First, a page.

Fifth Avenue Peace Parade Committee v. Hoover
Federal Court Proceeding New York Southern District Court, Case No. 70 Civ. 2646

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327 F.Supp. 238 (1971)

The FIFTH AVENUE PEACE PARADE COMMITTEE, an unincorporated association and Deborah D. Weisburd and Robert H. Silk, individually and on behalf of all other persons similarly situated, Plaintiffs,
J. Edgar HOOVER, as Director of the Federal Bureau of Investigation, John F. Malone, as Assistant Director in Charge of the Federal Bureau of Investigation in New York City, and the Amalgamated Bank of New York, Defendants.

No. 70 Civ. 2646.

United States District Court, S. D. New York.

April 28, 1971.

*239 *240 Donald D. Shack, Robert A. Goldston, Jeffrey L. Zivyak, Arthur I. Weinstein, Barry H. Mandel, New York City, Burt Neuborne, New York Civil Liberties Union, New York City, for plaintiffs.

Whitney North Seymour, Jr., U. S. Atty. for Southern District of New York, by Daniel Riesel, Asst. U. S. Atty., for defendants J. Edgar Hoover and John F. Malone.

Szold, Brandwen, Meyers & Altman, by Allen G. Blumberg, New York City, for defendant Amalgamated Bank of New York.


TYLER, District Judge.

This is an action for injunctive relief, including return of documents alleged to have been seized by the Federal Bureau of Investigation (FBI) in a constitutionally impermissible manner. Plaintiffs allege that defendants Hoover and Malone (hereinafter "the FBI") have violated their constitutional rights under the First and Fourth Amendments by authorizing and directing FBI surveillance of plaintiffs' activities, viz., copying checks and bank records of plaintiffs with the cooperation of defendant The Amalgamated Bank of New York and photographing participants in demonstrations planned by The Fifth Avenue Peace Parade Committee (hereinafter "the Committee").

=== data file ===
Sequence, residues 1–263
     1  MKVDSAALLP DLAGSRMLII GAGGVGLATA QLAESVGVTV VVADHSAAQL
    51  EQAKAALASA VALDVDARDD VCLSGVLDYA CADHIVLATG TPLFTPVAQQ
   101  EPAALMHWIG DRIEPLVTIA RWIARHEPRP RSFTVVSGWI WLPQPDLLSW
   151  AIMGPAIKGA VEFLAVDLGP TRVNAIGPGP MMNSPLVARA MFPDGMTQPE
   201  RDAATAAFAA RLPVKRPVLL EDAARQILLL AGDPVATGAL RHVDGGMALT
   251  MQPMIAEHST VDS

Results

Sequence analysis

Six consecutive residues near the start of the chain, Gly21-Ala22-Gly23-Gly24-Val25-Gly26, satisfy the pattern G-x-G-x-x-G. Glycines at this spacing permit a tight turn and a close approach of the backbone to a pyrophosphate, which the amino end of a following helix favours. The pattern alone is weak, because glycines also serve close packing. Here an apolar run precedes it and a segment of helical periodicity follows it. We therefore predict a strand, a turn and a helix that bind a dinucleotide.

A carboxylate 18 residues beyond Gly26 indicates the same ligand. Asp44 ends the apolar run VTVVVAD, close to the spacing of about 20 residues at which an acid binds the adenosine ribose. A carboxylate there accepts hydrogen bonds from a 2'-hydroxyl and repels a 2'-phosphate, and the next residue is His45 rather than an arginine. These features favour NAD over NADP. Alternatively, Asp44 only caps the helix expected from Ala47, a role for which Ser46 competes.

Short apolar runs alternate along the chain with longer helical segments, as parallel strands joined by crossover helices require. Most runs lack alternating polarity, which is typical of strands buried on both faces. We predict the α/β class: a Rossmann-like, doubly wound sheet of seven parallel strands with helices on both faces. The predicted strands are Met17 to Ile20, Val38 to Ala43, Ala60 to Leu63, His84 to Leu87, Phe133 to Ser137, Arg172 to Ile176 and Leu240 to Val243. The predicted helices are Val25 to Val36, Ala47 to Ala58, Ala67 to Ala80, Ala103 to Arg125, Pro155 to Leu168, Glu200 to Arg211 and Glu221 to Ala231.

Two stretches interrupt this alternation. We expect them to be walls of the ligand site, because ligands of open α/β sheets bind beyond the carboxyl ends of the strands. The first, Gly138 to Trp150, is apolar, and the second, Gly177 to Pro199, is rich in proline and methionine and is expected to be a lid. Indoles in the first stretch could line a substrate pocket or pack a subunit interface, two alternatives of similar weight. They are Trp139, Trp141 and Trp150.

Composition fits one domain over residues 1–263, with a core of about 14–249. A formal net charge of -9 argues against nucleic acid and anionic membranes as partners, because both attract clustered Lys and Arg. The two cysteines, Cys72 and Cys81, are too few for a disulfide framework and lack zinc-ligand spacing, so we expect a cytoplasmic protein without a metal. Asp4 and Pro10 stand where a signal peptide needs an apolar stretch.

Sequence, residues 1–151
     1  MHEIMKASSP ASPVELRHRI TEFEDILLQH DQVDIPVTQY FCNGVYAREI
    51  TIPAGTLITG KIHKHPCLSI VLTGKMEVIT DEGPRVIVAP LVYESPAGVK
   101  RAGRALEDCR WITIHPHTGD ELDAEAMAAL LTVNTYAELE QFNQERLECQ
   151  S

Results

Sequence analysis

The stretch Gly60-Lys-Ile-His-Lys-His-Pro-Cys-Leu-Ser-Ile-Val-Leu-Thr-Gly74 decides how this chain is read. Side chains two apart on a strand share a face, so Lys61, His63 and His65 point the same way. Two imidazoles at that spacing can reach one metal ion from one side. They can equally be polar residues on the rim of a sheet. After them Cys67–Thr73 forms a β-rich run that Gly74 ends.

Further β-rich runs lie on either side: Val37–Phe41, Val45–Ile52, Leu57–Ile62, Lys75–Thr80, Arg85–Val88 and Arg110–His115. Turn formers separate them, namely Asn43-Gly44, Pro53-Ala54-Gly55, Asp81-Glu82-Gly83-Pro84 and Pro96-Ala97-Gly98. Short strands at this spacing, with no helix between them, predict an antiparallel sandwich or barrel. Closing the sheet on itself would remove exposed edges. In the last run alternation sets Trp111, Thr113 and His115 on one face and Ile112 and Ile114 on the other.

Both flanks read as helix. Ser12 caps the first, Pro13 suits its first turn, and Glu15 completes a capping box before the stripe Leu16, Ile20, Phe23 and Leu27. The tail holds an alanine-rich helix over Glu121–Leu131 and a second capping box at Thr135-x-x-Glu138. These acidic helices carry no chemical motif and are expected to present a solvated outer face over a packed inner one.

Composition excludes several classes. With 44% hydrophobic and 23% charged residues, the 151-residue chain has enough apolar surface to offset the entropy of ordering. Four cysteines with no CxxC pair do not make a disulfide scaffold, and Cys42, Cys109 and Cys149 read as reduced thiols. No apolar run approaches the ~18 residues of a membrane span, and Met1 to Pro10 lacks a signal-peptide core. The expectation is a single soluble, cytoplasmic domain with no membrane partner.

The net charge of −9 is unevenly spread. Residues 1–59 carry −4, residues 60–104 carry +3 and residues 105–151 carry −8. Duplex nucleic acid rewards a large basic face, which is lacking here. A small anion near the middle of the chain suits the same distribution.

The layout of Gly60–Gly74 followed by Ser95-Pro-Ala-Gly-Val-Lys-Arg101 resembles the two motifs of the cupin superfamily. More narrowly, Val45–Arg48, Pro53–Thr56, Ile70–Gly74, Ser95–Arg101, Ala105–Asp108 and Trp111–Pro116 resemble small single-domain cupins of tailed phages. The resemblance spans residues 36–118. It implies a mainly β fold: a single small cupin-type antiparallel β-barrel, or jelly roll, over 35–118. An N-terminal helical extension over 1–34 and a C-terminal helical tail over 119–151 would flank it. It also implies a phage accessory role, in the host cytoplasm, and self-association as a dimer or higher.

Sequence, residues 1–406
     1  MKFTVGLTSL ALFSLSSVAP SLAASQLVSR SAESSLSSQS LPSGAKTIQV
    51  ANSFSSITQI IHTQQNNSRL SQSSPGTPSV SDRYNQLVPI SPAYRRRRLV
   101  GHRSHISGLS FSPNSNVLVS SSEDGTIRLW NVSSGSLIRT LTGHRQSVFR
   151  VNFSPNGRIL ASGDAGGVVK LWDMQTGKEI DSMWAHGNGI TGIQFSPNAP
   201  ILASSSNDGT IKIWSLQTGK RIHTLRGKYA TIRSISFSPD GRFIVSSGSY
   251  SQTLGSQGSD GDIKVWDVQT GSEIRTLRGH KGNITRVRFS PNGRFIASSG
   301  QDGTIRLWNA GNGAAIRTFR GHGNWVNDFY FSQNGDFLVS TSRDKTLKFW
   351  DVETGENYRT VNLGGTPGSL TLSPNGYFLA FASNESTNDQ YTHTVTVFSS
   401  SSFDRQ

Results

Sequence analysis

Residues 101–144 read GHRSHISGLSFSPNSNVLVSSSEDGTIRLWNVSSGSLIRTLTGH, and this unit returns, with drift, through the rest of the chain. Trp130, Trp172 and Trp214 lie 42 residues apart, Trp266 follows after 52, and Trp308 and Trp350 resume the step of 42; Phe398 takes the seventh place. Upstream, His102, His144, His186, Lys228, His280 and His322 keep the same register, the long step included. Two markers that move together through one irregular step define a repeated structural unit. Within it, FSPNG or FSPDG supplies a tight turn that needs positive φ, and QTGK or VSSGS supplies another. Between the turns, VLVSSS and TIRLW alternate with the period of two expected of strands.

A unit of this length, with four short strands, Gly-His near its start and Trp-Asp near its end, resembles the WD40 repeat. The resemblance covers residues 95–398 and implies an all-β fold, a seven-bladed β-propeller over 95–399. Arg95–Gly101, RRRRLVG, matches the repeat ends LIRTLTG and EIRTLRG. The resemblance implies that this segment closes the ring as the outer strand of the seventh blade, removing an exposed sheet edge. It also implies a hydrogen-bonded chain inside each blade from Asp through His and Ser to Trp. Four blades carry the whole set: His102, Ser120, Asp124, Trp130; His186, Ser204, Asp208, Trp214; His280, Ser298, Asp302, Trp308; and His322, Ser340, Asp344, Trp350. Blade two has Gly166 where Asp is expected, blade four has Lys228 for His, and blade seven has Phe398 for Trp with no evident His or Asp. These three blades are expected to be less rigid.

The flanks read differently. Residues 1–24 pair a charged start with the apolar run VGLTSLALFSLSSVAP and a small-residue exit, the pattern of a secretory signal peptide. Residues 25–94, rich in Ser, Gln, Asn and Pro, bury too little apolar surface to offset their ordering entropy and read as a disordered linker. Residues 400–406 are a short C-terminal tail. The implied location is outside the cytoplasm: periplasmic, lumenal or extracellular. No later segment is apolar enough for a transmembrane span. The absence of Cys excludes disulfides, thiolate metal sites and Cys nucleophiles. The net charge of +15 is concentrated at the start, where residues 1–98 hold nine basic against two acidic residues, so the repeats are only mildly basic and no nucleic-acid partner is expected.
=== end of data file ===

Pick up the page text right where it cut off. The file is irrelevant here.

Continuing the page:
Plaintiffs have set forth three grounds for jurisdiction: (1) 28 U.S.C. § 1331(a) — federal question, (2) F.R. Crim.P. Rule 41(e) — suppression of illegally seized evidence and (3) 28 U.S.C. § 1361 — mandamus.[1] Defendants have moved to dismiss for lack of subject matter jurisdiction. F.R.Civ.P. Rule 12 (b) (1). This memorandum deals solely with the jurisdictional questions presented.

Despite defendants' contentions of lack of merit and truth of any of plaintiffs' claims, in the present posture of the case and for purposes of this motion, plaintiffs' allegations must be assumed to be true. Upon this assumption, they raise significant issues as to the allowable scope of government surveillance of activities which are or may be within the ambit of First Amendment protections, a topic of considerable controversy and discussion in recent weeks. Another critical aspect of this case is the fact that if it is not heard in a federal district court, it probably will not be heard at all.[2] See generally, Note, Draft Reclassification for Political Demonstrations — Jurisdictional Amount in Suits Against Federal Officers, 53 Cornell L. Q. 916, 926-929 (1968). Keeping these preliminary observations in mind, each of the three jurisdictional grounds will be discussed.

A. § 1331(a)

Defendants claim that plaintiffs have failed to demonstrate that they have satisfied the $10,000 requirement of § 1331(a). So far as I can determine *241 there has never been a Supreme Court decision precisely spelling out how much of a showing is required to meet the monetary value minimum when an evaluation of personal liberties is in issue, but it seems clear that some kind of showing must be made. See Oestereich v. Selective Service Local Board No. 11, 393 U.S. 233, 239, 89 S.Ct. 414, 21 L. Ed.2d 402 (1968); Hague v. Committee for Industrial Organization, 307 U.S. 496, 508, 59 S.Ct. 954, 83 L.Ed. 1423 (1939). Although there have been several cases involving property rights, see, e. g., Saint Paul Mercury Indemnity Co. v. Red Cab Company, 303 U.S. 283, 58 S.Ct. 586, 82 L.Ed. 845 (1938); KVOS, Inc. v. Associated Press, 299 U.S. 269, 57 S.Ct. 197, 81 L.Ed. 183 (1936), and disputes between private parties, see, e. g., Barry v. Mercein, 46 U.S. (How.) 103, 12 L.Ed. 70 (1847), I do not deem them apposite in a case involving personal constitutional rights. Nor has the Court of Appeals in this circuit laid down a definitive rubric on this subject. See Fein v. Selective Service System Local Board No. 7, 430 F.2d 376, 378 n.1 (2d Cir. 1970); Wolff v. Selective Service Local Board No. 16, 372 F.2d 817, 826 (2d Cir. 1967). But see other Second Circuit cases discussed infra.